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A Word in Your Ear – Very Important Information for Church Leaders

Did you know that:

One in six people have some degree of hearing loss, most of whom wear hearing aids and some will have cochlear implants? Most of these people do not know or use sign language.

Hearing aids and cochlear implants work in different ways, but they are both electronic devices.

What do they do?  They make all sounds louder, both the sounds you want to hear (speech, music, warning sounds), and the sounds you don’t want to hear (unwanted background noise).

What don’t they do? They do NOT give normal hearing in the way that spectacles correct your sight. Most do not give any sense of direction to the sounds received.

How do people with a hearing loss pick up what’s going on? With a lot of effort! They use their hearing aids or cochlear implants; they use lip-reading (but only 30% of speech sounds appear on the lips, which means it’s like reading a book where only three out of ten letters are printed). They also depend on facial expression and body language.

How can you help members of your congregation with a hearing loss?

It is a legal requirement to install a loop system. Setting up and adjusting the system is a skilled task which should be undertaken by a professional who understands the field strength requirements. The loop requires its own amplifier, separate from the amplifier used by the PA system.

Before the service begins always check that the loop is switched on, and properly adjusted.  If possible, ask a person with a hearing aid (on the “T” setting) to check that the loop system is working properly.

Make sure the church is well lit so that the speaker’s face is not in shadow. Ask speakers to face the congregation, which helps lip-reading. When people read the Bible on the lectern or pray, they should look upwards, rather than down.

Ensure that everyone who is taking part in the service uses the microphone at the front (use a roving microphone if the speaker needs to remain where they are sitting).

Try to project as much as possible of what is said onto a screen (data projection) and/or have printed copies available for those who are unable to use the loop (not everyone with a hearing loss can access the loop). This should include the sermon (or a brief outline), Bible reading, prayers, hymn numbers, etc.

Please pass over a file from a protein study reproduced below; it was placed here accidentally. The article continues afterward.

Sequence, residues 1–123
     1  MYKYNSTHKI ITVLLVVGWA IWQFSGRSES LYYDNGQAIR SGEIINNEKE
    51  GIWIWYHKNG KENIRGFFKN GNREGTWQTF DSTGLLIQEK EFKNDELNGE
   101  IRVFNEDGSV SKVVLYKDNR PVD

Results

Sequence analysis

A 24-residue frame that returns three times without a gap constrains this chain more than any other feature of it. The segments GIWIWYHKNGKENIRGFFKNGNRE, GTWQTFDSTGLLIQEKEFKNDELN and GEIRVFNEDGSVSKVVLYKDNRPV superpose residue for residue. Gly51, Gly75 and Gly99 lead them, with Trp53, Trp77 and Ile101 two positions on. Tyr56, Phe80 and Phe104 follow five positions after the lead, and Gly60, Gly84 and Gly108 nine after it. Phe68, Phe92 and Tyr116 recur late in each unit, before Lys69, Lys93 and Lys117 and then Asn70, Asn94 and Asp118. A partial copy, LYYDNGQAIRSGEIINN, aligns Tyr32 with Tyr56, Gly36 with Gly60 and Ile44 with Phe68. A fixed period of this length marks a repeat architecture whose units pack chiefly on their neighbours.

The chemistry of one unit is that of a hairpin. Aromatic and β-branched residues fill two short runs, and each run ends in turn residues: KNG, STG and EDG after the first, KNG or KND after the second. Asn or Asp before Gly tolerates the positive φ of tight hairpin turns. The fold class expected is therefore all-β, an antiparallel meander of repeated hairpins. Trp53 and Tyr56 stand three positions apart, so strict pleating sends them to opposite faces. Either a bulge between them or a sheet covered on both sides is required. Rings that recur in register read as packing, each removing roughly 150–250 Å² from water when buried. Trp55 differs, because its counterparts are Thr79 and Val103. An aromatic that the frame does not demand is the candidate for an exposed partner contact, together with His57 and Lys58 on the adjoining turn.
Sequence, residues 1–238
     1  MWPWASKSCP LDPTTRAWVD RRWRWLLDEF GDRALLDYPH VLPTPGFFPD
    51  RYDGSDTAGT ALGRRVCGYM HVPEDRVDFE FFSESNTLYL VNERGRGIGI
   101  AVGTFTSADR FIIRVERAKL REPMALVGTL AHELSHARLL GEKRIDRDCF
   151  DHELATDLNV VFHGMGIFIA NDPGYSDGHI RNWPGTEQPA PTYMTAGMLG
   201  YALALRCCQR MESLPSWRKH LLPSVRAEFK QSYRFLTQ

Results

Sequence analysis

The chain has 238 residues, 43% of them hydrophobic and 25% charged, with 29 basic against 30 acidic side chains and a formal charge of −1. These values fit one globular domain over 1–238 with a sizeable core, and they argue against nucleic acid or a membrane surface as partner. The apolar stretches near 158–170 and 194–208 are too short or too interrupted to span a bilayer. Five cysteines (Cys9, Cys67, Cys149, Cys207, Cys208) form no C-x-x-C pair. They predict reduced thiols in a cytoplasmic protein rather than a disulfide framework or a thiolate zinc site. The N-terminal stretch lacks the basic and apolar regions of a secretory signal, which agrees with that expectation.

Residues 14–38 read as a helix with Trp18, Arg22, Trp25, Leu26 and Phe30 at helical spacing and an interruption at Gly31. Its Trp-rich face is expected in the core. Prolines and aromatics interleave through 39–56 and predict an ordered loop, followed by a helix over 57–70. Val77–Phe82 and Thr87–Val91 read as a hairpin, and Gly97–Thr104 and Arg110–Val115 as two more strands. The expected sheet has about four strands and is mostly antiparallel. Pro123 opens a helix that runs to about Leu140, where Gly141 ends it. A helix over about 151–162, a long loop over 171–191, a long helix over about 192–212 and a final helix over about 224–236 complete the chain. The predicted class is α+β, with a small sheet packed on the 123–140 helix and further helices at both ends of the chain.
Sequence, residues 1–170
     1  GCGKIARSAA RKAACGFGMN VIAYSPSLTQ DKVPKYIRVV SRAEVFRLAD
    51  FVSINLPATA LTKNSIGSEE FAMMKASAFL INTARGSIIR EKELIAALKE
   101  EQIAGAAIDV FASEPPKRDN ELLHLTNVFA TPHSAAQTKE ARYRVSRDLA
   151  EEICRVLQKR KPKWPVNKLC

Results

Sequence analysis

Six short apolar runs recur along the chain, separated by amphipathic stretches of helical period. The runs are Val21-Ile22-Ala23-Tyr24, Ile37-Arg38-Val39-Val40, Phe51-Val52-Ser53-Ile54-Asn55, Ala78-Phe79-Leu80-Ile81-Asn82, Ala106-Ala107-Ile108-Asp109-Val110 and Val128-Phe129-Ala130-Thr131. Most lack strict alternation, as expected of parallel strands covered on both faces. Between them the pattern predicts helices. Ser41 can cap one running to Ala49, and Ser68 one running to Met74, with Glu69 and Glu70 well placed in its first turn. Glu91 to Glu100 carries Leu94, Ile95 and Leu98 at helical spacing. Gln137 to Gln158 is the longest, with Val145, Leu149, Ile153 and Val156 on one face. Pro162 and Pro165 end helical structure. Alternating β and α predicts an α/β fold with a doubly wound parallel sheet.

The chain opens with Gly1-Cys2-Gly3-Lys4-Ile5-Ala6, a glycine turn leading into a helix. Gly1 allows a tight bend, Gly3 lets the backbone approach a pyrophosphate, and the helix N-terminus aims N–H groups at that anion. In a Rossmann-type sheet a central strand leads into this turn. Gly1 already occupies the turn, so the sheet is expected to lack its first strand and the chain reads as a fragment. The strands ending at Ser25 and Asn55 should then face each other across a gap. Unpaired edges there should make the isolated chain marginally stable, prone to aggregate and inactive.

Please ask the person with a hearing loss what extra individual help they may need.  For example, arrange to have someone sit next to the person with a hearing loss, so that they can help them through the service. This can be either by lip-speaking, finding the right page and guiding with their finger, or by taking notes on a note pad or a laptop. A sign language interpreter or a speech-to-text typist may be provided for those with a severe or profound hearing loss.

Hearing loss is a very isolating and lonely disability, so make people with a hearing loss feel welcome.  Be patient, understand that they may feel nervous and afraid of ‘getting things wrong’.  Shouting can alter the shape of the mouth and for those who lip read, only make things more difficult.  It is better to speak a little more slowly and clearly, making sure that the light is not behind the speaker.  Many people with a hearing loss are unable to gauge the volume of their own voice, so they may speak very loudly or almost in a whisper.

Consider starting a group specifically for people with a hearing loss. It’s difficult for them to join regular groups as they often can’t follow what is being said.  Open Ears can give you some pointers on how to run a home group successfully.

Most people with a hearing loss can manage reasonably well ‘one-to-one’, but in a group they feel lost in a sea of meaningless sound. They are missing out on teaching, fellowship, and in the social life of the church. Many will leave the church altogether if they do not have the support and encouragement they need.

People with a hearing loss have many gifts and talents. Don’t let your church miss out on their ministry and contributions!

Helpful tips for people with a hearing loss.

  • Tell others that you have a hearing loss, and that the speaker needs to face you and speak slowly and clearly.
  • Make sure that the light (electric or natural) is shining onto the speaker’s face, as this helps with lip-reading.
  • Never be afraid to ask for things to be repeated if you don’t understand the first time. Or better, ask for it to be reworded, as that helps to make the context clearer. Knowing what the subject is puts the conversation in context and reduces the amount of guesswork required when lip-reading.

We would suggest always carrying a notebook and pen, so that anything not understood can be written down.

Deaf Awareness Talks

If you would like someone to give a talk about the nature of hearing loss, we may be able to arrange this. Please get in touch and ask.